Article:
Knowledge Base

Returning to exercise after Heart Attack

Here I look at when you can resume training

It’s been a week since I had the heart scare. Yes my heart attack was classed as mild by the professionals but last week I felt like I had been hit by a bus and I’ve lacked any energy, but as the week has progressed I’ve started to slowly improve. I managed to get out to watch football Saturday and yesterday took a very slow walk with Sarah around the supermarket.

As my attack was mild or put in medical terms, non-ST segment elevation myocardial infarction (NSTEMI) I’ve not required any procedures except blood-thinning medicine, the cardiac rehabilitation nurse gave me advice on when you I could resume different types of exercise or activity.

Approximately 10 days after a heart attack most people will be ready to start gentle physical activity again, for me I was told I would be OK to resume gentle running but I had to be very careful and if needs be take longer before resuming. The key with exercise after a heart attack is to start slowly, do something every day and gradually build up your level of activity. So having nothing better to do I have researched what the experts recommend and then will apply that to my own level of general fitness, making sure both Jo and Sarah are keeping me firmly under control.

For most people doing simple home exercises is a good idea to begin with and allows you to be in complete control. Walking is also easy to fit in and can be built up gradually. Use how you feel to gauge how well you are coping and move things on when you can manage your set tasks easily.

  • Avoid activity within 2 hours of a bath or a heavy meal.
  • Don’t do physical activity if you are tired at the end of the day. Wait until the morning or choose the time of day you feel at your most refreshed and relaxed.
  • Take your time.

Simple stretching and home exercises are a good idea until your cardiac rehabilitation comes in to play 4 – 6 weeks after your heart attack,

Keep a daily diary

It can be very helpful to keep a daily diary of your home exercises and activities. This will allow you and your doctor / nurse to see your progress. It also prevents you from being tempted to do too much, too soon, and overdoing it.

Get into the habit of making a note of what you have done that day. It may also surprise you to realise how well you are progressing.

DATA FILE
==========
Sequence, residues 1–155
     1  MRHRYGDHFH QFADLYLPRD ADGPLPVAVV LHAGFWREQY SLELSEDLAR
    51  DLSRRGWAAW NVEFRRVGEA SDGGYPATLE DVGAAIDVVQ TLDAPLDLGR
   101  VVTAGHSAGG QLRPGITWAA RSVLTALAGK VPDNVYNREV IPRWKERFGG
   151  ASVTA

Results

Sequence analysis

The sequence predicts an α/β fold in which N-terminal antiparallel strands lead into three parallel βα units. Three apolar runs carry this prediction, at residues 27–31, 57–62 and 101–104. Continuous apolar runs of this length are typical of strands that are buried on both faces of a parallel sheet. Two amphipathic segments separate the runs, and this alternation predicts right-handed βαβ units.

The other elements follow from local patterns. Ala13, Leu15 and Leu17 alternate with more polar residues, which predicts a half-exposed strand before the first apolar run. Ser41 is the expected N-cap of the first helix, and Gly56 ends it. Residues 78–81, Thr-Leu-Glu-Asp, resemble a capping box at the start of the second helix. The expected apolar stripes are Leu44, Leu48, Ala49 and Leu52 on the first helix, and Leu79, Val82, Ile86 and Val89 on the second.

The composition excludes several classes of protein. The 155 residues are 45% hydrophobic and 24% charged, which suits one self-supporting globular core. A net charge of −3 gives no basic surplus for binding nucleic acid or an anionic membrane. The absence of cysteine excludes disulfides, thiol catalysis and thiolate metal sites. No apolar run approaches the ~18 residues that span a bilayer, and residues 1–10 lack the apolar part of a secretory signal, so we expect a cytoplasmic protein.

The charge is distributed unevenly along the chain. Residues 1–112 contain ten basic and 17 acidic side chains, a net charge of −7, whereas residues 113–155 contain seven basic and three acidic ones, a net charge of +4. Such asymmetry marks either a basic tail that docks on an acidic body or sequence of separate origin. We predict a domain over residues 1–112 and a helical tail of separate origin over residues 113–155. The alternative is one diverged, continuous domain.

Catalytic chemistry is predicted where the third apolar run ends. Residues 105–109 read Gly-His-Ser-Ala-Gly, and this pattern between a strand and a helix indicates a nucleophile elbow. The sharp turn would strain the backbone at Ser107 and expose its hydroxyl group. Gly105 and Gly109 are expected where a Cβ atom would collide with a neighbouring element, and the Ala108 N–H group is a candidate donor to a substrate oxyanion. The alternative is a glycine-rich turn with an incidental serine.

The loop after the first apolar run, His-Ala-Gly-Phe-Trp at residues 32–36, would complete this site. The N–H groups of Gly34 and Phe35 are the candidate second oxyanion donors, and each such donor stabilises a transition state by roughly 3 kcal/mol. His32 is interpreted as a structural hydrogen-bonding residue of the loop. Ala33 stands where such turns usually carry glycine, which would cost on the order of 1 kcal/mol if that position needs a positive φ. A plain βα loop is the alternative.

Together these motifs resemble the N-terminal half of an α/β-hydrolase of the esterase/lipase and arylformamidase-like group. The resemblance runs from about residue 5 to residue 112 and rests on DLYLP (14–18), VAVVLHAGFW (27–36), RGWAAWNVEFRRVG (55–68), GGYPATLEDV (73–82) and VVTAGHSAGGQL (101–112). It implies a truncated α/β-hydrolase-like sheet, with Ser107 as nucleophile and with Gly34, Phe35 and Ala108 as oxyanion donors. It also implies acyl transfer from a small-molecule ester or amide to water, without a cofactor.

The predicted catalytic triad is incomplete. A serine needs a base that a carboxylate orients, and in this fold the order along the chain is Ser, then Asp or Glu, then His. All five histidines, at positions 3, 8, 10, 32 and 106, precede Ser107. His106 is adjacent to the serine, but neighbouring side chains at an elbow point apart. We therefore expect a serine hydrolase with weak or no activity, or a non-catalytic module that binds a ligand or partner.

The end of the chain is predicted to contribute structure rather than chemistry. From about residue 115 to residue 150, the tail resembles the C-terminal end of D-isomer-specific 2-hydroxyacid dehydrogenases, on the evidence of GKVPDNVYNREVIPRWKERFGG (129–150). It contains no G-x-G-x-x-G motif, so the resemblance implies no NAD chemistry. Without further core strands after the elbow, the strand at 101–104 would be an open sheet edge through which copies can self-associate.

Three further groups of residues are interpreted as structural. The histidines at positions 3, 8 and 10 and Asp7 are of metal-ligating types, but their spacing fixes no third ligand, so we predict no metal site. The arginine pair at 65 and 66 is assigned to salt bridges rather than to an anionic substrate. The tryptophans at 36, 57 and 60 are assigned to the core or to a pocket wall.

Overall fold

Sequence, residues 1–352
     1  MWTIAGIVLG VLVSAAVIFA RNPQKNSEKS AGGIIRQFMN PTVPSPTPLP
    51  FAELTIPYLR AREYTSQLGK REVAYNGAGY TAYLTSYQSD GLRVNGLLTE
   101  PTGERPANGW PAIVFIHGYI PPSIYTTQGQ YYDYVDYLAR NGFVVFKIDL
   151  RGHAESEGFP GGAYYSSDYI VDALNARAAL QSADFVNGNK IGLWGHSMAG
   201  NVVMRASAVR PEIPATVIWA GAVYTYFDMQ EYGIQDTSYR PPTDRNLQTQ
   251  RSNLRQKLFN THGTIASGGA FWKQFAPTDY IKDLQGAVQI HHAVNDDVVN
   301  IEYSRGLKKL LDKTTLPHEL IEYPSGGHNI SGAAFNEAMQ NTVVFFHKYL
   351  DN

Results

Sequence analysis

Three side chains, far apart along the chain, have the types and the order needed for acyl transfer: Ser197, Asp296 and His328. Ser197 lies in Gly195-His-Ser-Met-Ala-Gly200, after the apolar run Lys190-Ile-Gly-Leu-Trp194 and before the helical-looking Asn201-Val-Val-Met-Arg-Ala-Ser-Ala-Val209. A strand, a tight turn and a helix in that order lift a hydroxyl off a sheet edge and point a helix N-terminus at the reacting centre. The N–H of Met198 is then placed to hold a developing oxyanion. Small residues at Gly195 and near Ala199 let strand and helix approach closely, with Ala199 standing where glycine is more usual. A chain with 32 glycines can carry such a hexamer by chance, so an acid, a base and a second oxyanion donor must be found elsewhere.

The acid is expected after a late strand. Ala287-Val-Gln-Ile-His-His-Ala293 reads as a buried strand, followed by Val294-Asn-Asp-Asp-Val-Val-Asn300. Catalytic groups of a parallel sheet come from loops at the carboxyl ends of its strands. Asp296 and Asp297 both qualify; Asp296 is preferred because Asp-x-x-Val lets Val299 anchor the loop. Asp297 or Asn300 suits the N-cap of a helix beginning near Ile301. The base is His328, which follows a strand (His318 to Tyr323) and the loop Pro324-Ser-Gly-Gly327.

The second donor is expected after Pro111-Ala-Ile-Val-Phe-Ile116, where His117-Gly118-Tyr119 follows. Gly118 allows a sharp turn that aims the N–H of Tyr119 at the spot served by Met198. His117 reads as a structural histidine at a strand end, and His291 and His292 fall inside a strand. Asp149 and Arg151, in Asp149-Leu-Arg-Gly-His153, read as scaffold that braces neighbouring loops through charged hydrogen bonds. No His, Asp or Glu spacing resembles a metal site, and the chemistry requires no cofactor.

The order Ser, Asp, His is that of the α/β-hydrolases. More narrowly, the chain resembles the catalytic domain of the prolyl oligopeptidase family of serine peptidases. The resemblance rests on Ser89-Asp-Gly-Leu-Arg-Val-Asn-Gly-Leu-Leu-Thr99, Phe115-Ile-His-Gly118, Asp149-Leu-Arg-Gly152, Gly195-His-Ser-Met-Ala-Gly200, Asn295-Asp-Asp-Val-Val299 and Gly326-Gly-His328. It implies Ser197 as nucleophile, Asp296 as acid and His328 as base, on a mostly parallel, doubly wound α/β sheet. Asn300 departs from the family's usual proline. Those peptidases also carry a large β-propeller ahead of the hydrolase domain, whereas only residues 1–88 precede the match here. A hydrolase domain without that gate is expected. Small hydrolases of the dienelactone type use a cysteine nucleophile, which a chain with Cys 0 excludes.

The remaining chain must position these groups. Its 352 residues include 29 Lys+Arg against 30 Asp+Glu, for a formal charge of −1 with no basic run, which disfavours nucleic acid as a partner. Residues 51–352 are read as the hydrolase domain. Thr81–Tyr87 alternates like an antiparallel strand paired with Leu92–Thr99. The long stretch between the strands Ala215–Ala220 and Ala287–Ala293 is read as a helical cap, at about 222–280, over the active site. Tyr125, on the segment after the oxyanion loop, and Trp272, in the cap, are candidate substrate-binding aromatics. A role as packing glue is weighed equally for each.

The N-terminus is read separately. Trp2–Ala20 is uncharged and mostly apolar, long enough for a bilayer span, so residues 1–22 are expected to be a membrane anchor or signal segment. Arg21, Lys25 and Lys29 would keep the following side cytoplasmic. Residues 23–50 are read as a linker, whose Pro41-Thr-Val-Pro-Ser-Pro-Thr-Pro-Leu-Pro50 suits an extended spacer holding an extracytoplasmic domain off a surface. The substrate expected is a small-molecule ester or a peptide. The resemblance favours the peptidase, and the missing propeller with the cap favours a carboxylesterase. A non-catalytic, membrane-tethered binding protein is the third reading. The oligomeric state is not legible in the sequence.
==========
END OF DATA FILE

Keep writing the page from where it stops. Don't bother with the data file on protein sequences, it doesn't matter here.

Walking

  • Once you have got used to doing some simple movements you can begin going for short walks – usually around the 10th day after your heart attack. You must take it slowly and plan carefully.
  • On your first day out, a walk of 50 – 100 metres is enough. If this feels okay then the next day you can go a little further. Gradually you will be able to do a little more and be more energetic.
  • Walk where there are other people around, or near a bus route, in case you get tired. If you over do it one day you will be too tired to do anything the next day so remember to pace yourself. Short walks daily are better for you than intense bursts of effort.
  • What activity you are able / encouraged to do depends on your circumstances, your medical history, age and previous activity levels. Make sure you have your doctor’s permission before you start.

Pace yourself

When you start walking you must stop if you feel chest pains or become too breathless to talk. Rest for a few minutes and then start again if you feel better but go more slowly.

Everyone progresses at different rates and everyone has bad days. It all depends on you how much you feel you can do: pace yourself to the rate of your body’s recovery. This is when its important to think about the RPE scale(the Rate of Perceived Exertion scale), where you judge how hard you’re working, based on factors such as how heavy your breathing is and how easy it is to talk.

This helps you to exercise at the right level. It’s fine to be a little bit short of breath, but not so breathless you can’t talk. Chest tightness, dizziness, palpitations and shortness of breath are warning signs. If you experience these, stop and seek medical advice.

What to avoid at the early stage

All gentle exercise and activity will be good for you eventually, but there are a few particular actions, which are still risky for you to try, because they put a sudden and unusual strain on your heart.

  • Lifting or pushing heavy weights such as a fully loaded wheelbarrow
  • Straining with all your strength as in pushing a car
  • Exercising until you are too breathless to talk
  • Making short, heavy, sharp efforts like digging or shoveling snow

Watch for Cardiac Warning Signs

To be safe with exercise after a heart attack, stop physical activity and call your doctor if you experience any of the symptoms that came on during your heart attack, or if you feel:

  • Chest pain, pressure, tightness or heaviness.
  • Pain or pressure in your arm, neck or jaw.
  • Extreme shortness of breath.
  • Uneven or very fast heartbeat.
  • Lightheaded.
  • Indigestion or gas.
  • Perspiration and a loss of color.
  • Numbness in your arms.
  • Extreme fatigue after exercise.

It is important to keep track of your body while implementing the best exercise for heart health into your daily routine. If you have chest discomfort (angina), stop exercising and call your doctor if your symptoms become worse, occur more often, last longer than usual, begin happening when you’re not exercising or don’t go away after taking your medication. It may mean your heart disease is getting out of hand.

Without any cardiac complications, stay active with regular exercise after heart attack. Each person is different I was told I should be ok to resume my normal routine within 6-8 weeks if not sooner. However for me it will be a case of making sure not to do too much too soon. (Sarah wouldn’t allow it)

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